ISTANBUL (ANP) – A group of 34 men, women and children, some of them members of the Kurdish separatist movement PKK, have turned themselves in to Turkish authorities. This happened in the village of Silopi, near the Iraqi border. The surrender is seen as a sign that the PKK supports the initiative of the Turkish government to solve the Kurdish problem by democratic means, which was launched in August.
PKK members are offered amnesty as long as they have not been directly involved in terrorism. In this way the Turkish government is trying to weaken the organisation, branded as terrorists by both the EU and the United States. Sooner or later it has to end the violence between the PKK and the Turkish army that has been going on for twenty-five years now.
At Silopi, hundreds of supporters of the PKK and the DTP, the only legal pro-Kurdish party in Turkey, came together. The DTP also sent high representatives, among them party leader Ahmet Türk, to the border to welcome the group from Iraq, where they live alongside PKK Turkish Kurds from Makhmur, a refugee camp in northern Iraq. They fled from Turkey in the nineties, when the fight between the Turkish army and the PKK was at its fiercest. It is expected that the majority of the group will soon be offered amnesty.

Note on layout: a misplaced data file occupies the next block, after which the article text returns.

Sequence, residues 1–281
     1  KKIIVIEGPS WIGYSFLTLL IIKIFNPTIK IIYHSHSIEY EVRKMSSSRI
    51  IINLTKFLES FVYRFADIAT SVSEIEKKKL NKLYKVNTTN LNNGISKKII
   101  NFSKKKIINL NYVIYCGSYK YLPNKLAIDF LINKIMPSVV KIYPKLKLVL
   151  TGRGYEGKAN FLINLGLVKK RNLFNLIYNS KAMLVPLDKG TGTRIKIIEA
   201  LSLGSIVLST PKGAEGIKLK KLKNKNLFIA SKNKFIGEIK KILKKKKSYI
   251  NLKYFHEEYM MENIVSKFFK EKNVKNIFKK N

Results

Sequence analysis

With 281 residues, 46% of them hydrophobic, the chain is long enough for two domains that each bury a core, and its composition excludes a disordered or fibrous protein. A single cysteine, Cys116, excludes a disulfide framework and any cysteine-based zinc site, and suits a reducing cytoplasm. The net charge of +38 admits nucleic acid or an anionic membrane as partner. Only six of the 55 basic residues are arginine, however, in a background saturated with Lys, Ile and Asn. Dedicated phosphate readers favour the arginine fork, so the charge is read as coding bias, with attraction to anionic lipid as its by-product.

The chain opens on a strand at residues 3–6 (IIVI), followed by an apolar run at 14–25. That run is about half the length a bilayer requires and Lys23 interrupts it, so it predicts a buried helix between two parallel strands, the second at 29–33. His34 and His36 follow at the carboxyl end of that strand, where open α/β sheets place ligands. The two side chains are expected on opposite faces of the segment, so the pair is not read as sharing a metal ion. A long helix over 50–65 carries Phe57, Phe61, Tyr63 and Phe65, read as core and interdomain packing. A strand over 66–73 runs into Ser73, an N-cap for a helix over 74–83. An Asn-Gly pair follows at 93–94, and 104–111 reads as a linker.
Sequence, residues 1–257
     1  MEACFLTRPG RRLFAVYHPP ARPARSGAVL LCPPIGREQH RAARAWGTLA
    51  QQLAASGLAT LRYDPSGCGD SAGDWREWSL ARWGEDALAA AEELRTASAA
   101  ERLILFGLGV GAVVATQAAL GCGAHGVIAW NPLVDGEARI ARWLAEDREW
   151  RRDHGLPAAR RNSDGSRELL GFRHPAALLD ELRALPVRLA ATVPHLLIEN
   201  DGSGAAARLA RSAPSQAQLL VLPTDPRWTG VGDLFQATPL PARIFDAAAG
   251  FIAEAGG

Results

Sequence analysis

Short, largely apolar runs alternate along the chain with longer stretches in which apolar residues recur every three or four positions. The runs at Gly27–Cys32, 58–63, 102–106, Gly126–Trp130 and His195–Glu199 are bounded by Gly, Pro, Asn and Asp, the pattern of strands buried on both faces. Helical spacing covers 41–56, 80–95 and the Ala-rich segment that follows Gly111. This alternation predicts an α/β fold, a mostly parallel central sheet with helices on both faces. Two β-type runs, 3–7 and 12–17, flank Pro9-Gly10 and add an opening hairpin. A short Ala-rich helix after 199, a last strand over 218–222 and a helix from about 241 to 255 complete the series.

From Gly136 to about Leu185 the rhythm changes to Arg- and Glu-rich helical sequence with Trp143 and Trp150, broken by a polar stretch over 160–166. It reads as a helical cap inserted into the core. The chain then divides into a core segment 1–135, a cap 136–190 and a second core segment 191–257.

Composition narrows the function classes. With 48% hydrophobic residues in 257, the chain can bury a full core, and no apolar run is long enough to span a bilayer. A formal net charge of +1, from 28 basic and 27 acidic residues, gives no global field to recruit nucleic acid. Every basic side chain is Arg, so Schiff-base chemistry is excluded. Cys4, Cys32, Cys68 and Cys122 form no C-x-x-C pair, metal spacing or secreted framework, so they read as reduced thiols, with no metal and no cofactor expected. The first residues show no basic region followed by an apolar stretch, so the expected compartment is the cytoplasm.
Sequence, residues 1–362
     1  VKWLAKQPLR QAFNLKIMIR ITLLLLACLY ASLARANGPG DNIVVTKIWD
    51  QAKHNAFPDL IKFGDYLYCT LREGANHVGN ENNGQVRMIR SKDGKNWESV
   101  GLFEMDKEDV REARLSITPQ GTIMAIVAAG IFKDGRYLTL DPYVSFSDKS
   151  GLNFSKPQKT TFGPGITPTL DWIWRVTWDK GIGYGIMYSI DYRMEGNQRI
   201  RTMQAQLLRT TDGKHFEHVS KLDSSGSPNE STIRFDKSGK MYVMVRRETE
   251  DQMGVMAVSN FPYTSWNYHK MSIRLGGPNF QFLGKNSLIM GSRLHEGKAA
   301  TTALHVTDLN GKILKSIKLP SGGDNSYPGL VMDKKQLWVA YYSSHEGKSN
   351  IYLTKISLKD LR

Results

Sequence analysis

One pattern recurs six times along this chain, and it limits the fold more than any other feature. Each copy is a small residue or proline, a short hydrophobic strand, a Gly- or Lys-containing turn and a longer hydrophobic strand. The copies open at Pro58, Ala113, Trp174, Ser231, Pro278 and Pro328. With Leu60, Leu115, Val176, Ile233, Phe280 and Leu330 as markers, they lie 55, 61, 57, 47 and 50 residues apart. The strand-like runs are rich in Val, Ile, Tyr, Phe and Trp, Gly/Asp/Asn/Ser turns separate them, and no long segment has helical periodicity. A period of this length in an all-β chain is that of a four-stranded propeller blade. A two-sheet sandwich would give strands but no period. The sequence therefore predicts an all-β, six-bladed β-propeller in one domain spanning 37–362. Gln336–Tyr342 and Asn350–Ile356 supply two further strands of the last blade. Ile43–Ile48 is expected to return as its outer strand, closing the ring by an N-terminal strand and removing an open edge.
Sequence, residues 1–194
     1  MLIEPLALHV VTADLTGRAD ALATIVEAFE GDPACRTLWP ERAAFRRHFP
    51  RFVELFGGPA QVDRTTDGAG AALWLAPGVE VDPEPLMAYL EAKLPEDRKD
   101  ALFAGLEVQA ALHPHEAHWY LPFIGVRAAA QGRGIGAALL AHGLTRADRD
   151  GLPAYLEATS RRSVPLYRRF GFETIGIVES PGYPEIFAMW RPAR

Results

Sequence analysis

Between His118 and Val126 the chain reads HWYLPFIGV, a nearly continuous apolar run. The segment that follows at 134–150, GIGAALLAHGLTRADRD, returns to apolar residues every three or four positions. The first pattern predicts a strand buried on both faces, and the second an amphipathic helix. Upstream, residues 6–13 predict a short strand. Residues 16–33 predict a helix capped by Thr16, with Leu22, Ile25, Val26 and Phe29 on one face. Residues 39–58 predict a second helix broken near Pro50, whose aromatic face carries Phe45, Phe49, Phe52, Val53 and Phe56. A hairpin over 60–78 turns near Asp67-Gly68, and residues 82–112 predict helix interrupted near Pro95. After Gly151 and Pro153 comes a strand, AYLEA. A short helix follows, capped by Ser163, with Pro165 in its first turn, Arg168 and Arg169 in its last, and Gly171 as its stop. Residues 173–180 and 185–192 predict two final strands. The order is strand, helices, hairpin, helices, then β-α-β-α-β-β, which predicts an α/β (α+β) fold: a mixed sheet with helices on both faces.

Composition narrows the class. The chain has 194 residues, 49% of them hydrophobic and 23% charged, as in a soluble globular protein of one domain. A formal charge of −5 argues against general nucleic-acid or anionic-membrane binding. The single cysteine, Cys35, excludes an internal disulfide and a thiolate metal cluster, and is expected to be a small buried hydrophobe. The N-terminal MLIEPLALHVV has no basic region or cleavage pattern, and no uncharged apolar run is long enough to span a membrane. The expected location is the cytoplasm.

At least eight group members will probably be subject to deeper investigation. These eight men and women come straight from the Kandil mountains, on the Turkish Iraqi border, where the PKK has its headquarters and from where attacks on Turkey are launched.
Its Kurdish initiative does not mean the Turkish government is directly speaking with the PKK, whose goal used to be an independent Kurdish state. Ever since the leader Öcalan was arrested in 1999, that goal has been abandoned in favour of complete cultural and political freedom for the Kurds inside Turkey.